A vision in Miss Peregrine’s Home for Peculiar Children of Jacob pulling a floating Emma from a rope across a Welsh beachside and toward a battle with the hollowgasts is as haunting as any Burton ever summoned, namely for its multitude of meaning: for teasing the romance that builds between Jacob and Emma, and for the sense of moral agency and empathy that so clearly informs Jacob’s gait. Also impressive is the daring, force, and tact with which Jane Goldman’s screenplay presents Jacob’s saga as a metaphor for the Holocaust, evoking its horrors in everything from Jacob taking Miss Peregrine’s peculiars to the orphanage’s attic and away from an advancing hollowgast, to Baaron’s moral “hollowness” and his grotesque appetite for destruction.
Throughout, Burton shuttles his peculiars in and out of loops, through past and present as they fight the hollowgasts, and his set pieces exude an alternately frightful and comic tenor that rarely feels off-balance. Baaron is never scarier than in the film’s climax, where Emma, who also has the ability to blow powerful gusts of air from her mouth, pins the milky-eyed menace to a wall, where he hangs for a minute or two while throwing shade at the girl, arrogantly marking the time before she runs out of air and he can resume his very complicated evildoing. The patience of Jackson’s performance is of a piece with Burton’s own, as the filmmaker moves from one incident to the next with a spatial coherence that often approaches the majestic.
Pity, then, that the filmmakers hold the peculiars at arm’s length. On the one hand, it’s clear that Burton and company’s refusal to articulate any of the children’s backstories—the how and why of their arrival at Miss Peregrine’s orphanage—is an attempt to avoid easy sentimentality, to give Miss Peregrine’s Home for Peculiar Children a sense of guardedness, a stiff upper lip if you will, that honors the will of those who must hide so they may get to live another day. But on the other, this has a way of reducing the children entirely to their one (sometimes two) peculiarities, which are deployed in a seamlessly staged lockstep that leaves one wondering why the peculiars couldn’t have pulled the rug out from under their enemies much earlier.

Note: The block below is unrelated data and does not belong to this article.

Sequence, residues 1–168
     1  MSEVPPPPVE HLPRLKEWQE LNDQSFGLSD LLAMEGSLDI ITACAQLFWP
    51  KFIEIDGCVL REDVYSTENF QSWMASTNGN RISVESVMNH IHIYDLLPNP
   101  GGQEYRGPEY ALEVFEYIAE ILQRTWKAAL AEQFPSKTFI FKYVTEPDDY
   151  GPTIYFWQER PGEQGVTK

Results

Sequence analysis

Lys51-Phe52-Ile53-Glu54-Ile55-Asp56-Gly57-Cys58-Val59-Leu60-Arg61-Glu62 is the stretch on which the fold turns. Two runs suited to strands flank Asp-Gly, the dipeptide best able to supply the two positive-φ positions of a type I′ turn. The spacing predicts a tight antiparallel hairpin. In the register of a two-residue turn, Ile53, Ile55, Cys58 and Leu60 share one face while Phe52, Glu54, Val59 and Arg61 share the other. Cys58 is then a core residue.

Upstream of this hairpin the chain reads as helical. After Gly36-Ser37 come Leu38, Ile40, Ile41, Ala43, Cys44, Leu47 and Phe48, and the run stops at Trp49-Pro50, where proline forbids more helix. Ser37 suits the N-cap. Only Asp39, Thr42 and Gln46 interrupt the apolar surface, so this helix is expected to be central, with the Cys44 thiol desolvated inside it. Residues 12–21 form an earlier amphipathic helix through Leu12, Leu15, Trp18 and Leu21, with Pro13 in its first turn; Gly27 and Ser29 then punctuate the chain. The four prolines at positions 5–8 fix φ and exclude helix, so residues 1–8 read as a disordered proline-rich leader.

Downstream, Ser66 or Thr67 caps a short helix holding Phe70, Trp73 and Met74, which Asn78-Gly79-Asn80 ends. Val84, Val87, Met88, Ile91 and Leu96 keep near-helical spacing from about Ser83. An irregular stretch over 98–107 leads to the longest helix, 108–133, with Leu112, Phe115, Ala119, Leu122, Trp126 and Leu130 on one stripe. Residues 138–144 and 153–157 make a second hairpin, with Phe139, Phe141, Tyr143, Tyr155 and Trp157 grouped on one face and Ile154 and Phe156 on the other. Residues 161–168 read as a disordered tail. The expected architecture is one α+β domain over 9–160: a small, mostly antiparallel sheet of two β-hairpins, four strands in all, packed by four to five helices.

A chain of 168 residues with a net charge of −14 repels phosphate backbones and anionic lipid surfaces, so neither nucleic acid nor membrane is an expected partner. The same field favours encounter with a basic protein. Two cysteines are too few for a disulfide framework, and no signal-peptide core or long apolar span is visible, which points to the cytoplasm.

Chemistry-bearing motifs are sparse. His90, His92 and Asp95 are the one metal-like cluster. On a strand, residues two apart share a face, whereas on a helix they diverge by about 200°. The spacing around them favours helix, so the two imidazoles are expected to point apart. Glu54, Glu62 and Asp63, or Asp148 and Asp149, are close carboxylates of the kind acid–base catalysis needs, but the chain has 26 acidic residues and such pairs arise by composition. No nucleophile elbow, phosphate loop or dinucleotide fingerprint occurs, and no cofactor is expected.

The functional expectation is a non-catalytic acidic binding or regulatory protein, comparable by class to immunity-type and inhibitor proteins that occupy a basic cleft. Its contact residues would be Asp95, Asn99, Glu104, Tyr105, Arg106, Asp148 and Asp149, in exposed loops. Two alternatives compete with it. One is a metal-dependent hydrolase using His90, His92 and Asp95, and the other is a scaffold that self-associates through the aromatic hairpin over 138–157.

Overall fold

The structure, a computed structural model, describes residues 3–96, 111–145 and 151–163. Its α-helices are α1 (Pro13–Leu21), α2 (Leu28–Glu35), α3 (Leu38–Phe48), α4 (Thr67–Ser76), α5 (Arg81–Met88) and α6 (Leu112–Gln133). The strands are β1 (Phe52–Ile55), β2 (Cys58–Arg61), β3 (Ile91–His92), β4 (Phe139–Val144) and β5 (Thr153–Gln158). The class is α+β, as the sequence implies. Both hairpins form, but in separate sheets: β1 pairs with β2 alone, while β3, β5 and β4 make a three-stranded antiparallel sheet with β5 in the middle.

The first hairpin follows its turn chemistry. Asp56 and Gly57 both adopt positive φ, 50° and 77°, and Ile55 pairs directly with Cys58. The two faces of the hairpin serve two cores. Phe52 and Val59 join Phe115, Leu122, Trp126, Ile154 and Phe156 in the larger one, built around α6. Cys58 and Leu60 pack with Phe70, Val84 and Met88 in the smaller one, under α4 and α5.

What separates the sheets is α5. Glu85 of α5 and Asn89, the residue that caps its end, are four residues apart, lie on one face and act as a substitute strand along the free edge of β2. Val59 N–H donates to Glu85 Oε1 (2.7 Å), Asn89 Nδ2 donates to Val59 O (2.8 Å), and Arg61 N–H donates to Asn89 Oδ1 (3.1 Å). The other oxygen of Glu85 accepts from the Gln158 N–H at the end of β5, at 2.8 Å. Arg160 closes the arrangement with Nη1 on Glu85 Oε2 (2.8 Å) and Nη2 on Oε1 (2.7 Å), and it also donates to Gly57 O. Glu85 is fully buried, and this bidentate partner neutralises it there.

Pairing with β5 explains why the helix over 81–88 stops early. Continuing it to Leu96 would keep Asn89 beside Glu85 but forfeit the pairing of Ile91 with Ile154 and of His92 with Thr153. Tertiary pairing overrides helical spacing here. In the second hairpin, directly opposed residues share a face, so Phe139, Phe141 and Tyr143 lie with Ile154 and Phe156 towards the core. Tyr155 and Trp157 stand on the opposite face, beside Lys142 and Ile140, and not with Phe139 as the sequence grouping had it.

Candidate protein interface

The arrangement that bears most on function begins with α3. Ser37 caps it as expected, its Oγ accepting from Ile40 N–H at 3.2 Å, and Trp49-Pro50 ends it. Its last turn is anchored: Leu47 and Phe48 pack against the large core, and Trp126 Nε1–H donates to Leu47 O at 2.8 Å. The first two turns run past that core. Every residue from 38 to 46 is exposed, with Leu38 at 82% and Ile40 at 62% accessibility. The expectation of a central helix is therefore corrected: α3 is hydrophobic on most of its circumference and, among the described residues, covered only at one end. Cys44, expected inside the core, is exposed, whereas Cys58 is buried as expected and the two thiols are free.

For all of its moral anguish and aesthetic riches, the film doesn’t quite stick the landing, as the children’s release of all that is weird within them scans less as a response to everything that’s hurt them up to this point in their lives than a lazy script mandate. Burton, caught between a rock and a hard place of sorts, doesn’t fully embrace the poignancy inherent in this material, even as his restrained approach nonetheless reminds us of the distinct and peculiar coyness that was always at the heart of his best films.